Australians head overseas.
Tuesday, 15th April 2008
Source : Jones Lang LaSalle Hotels.
Australia is in danger of becoming a net exporter of tourists in 2008, as strong growth in outbound travel outpaces inbound visitor arrivals.

The Latest ABS Overseas Arrivals & Departures Data and Accommodation Trading Results for the December Quarter 2007 
The newly released Australian Bureau of Statistics (ABS) Overseas Arrivals and Departures data indicates that while arrivals have shown some recovery in the first two months of 2008 (up 1.7%), outbound travel has increased by a staggering 14.5%.

"The December quarter is typically one of Australian tourism's stronger performing periods – a period hoteliers have long enjoyed," said Ms Karen Wales, Vice President Research, Jones Lang LaSalle Hotels.

The benign hotel supply outlook could prove to be the saving grace as tourism numbers point to a wind of change and the economic environment remains uncertain.   "As we navigate our way through 2008 particular attention should be paid to all lead indicators to ensure they remain in balance," said Ms Wales.

The softening consumer sentiment across Australia since the December quarter 2007 may result in a swing back to domestic travel in 2008.   "As interest rates bite, retail spending has softened and Australians may consider an overseas holiday a luxury that they can no longer afford," said Ms Wales.

The long term trend indicates that Australia could become a net exporter of tourists in 2008.  "Many industry leaders have already highlighted the need for strategic co-operation across all sectors and functions if the tourism / hotel industry is to be sustainable," said Ms Wales.

In 2007 visitor arrivals totalled 5.6 million (+2.0%) whereas outbound tourism jumped to 5.4 million (+10.6%).  "Australians are favouring Asia – where tourism is being boosted by Government support, discounted flights and massive investment in tourism infrastructure," said Ms Wales.  She added, "This is clearly delivering results."

Asia accounts for almost 50% of all departures from Australia, up from 40% five years ago.  "Tourism infrastructure has gone from strength to strength in many Asian countries; Singapore is developing its massive Integrated Resorts, Hong Kong has Disneyland, casinos in Macau SAR now rival Las Vegas's and Japan's in favour as a ski destination," said Ms Wales.  She added, "New quality hotels are being developed throughout the region to accommodate the influx of global visitors."

Markets seeing the strongest growth include Japan (+40.0%), China (+22.0%), India (+15.1%) and South East Asia (+18.0%).  "We're witnessing a reorientation of the global economy towards Asia and it's only going to grow through 2008 as Asia is expected to remain relatively protected if a US recession eventuates," said Ms Wales.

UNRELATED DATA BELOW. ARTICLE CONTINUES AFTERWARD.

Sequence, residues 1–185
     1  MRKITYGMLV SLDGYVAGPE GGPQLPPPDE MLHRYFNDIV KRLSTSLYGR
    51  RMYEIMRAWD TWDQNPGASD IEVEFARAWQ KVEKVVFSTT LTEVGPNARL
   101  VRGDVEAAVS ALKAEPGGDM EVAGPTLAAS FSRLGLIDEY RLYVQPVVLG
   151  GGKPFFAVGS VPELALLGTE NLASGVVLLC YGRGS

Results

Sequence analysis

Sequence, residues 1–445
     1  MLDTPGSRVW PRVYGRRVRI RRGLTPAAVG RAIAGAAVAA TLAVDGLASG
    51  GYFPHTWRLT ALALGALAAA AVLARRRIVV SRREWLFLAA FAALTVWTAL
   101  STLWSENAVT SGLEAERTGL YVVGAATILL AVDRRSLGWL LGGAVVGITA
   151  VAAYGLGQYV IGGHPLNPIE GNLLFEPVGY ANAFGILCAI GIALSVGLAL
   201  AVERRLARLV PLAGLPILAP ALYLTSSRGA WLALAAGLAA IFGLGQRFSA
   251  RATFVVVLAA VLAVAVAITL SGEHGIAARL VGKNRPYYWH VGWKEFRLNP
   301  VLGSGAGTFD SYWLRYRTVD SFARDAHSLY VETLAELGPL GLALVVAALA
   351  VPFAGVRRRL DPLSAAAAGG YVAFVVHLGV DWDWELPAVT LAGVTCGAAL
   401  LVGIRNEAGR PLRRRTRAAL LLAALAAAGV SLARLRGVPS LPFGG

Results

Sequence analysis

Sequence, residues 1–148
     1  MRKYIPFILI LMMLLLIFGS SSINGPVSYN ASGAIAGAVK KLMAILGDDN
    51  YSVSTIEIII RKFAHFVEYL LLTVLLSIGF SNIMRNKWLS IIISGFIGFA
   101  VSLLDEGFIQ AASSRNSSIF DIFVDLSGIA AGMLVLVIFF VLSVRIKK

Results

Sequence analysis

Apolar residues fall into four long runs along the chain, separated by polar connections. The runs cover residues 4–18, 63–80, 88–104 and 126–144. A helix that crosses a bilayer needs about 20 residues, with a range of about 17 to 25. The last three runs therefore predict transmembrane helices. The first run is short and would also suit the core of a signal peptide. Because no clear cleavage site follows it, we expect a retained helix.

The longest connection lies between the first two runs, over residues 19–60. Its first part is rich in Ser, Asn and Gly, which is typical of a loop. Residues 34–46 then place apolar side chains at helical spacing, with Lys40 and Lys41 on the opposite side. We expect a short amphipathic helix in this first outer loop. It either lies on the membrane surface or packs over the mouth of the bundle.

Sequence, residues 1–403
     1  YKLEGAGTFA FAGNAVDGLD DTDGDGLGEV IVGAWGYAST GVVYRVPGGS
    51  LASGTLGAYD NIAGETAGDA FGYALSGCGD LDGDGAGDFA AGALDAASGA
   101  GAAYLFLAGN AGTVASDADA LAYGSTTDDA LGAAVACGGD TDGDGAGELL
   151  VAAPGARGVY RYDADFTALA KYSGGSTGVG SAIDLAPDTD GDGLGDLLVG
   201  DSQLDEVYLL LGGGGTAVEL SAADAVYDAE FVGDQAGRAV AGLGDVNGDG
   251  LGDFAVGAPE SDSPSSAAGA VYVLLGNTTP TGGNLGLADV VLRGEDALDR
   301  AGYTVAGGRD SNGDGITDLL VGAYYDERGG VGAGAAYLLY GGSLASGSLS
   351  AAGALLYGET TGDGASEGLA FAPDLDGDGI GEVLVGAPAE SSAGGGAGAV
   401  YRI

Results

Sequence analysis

Higher growth in inbound arrivals compared to the lacklustre Australian average of 2.0% was recorded in Canberra, Hobart, Perth, Sunshine Coast and Gold Coast during 2007  While still positive, Brisbane, Melbourne and Sydney were all lower than the average. 

"While tourism numbers point to a change, hotels are still trading well," said Ms Wales.  During the December quarter 2007 hotels around Australia recorded growth of 5.4% in RevPAR (Revenue per Available Room) relative to the same quarter in 2006 however many question how long this growth can be sustained.  "This growth is being driven exclusively by higher room rates (up 5.6%) as occupancy levels decreased slightly to 66.8% during the quarter," said Ms Wales.  She added, "While these numbers cap off a strong year, it should not encourage the industry to rest on its laurels."

Hotel Trading Performance Highlights - December quarter 2007

  • All major markets, except Cairns, recorded growth in RevPAR with four markets recording double digit growth – Melbourne (10.5%), Adelaide (12.4%), Perth (13.9%) and Darwin (20.3%).
  • Darwin recorded the highest occupancy for a December quarter at 71.7% and the highest occupancy growth of all ten markets (+10.1%).  This is due to a slight contraction in supply and strong increase in demand (+9.1%).   Combined with a considerable uplift in room rates, Darwin ranked highest in the quarter for RevPAR growth – up 20.3%.
  • Demand growth was soft in all major markets except for leisure markets - Gold Coast and Sunshine Coast.  These markets still have capacity whereas many major cities are operating at high occupancy levels.
  • Highest occupancies in the quarter ever were recorded in Adelaide, Darwin and Sydney.
Hotel Trading Performance Highlights - Full Year December  2007

  • Perth has overtaken Brisbane as Australia's no.1 hotel market, having strengthened its market leader position during each quarter through 2007 to record the highest RevPAR growth, highest ADR growth and highest occupancy result (82.5%) for the full year.  
  • All markets apart from Hobart and Cairns recorded RevPAR growth above 8.0% with double digit growth in Perth (19.0%), Darwin (13.9%) and Canberra (11.3%).
  • Sydney recorded the highest demand growth of any market in 2007 – increasing occupancy levels to 81.7% however rate growth still pales next to other markets operating at a similar occupancy level – Brisbane and Perth.
  • Cairns suffered the most significant decline in demand (-1.9%) with the region hit by a shortfall in both international and domestic tourism. 
  • Hotel segment analysis in the three major markets of Sydney, Melbourne and Brisbane shows that 5-star hotels are driving the strong market performance.  All three cities recorded double-digit RevPAR growth during 2007 – higher than the lower-tier segments.  
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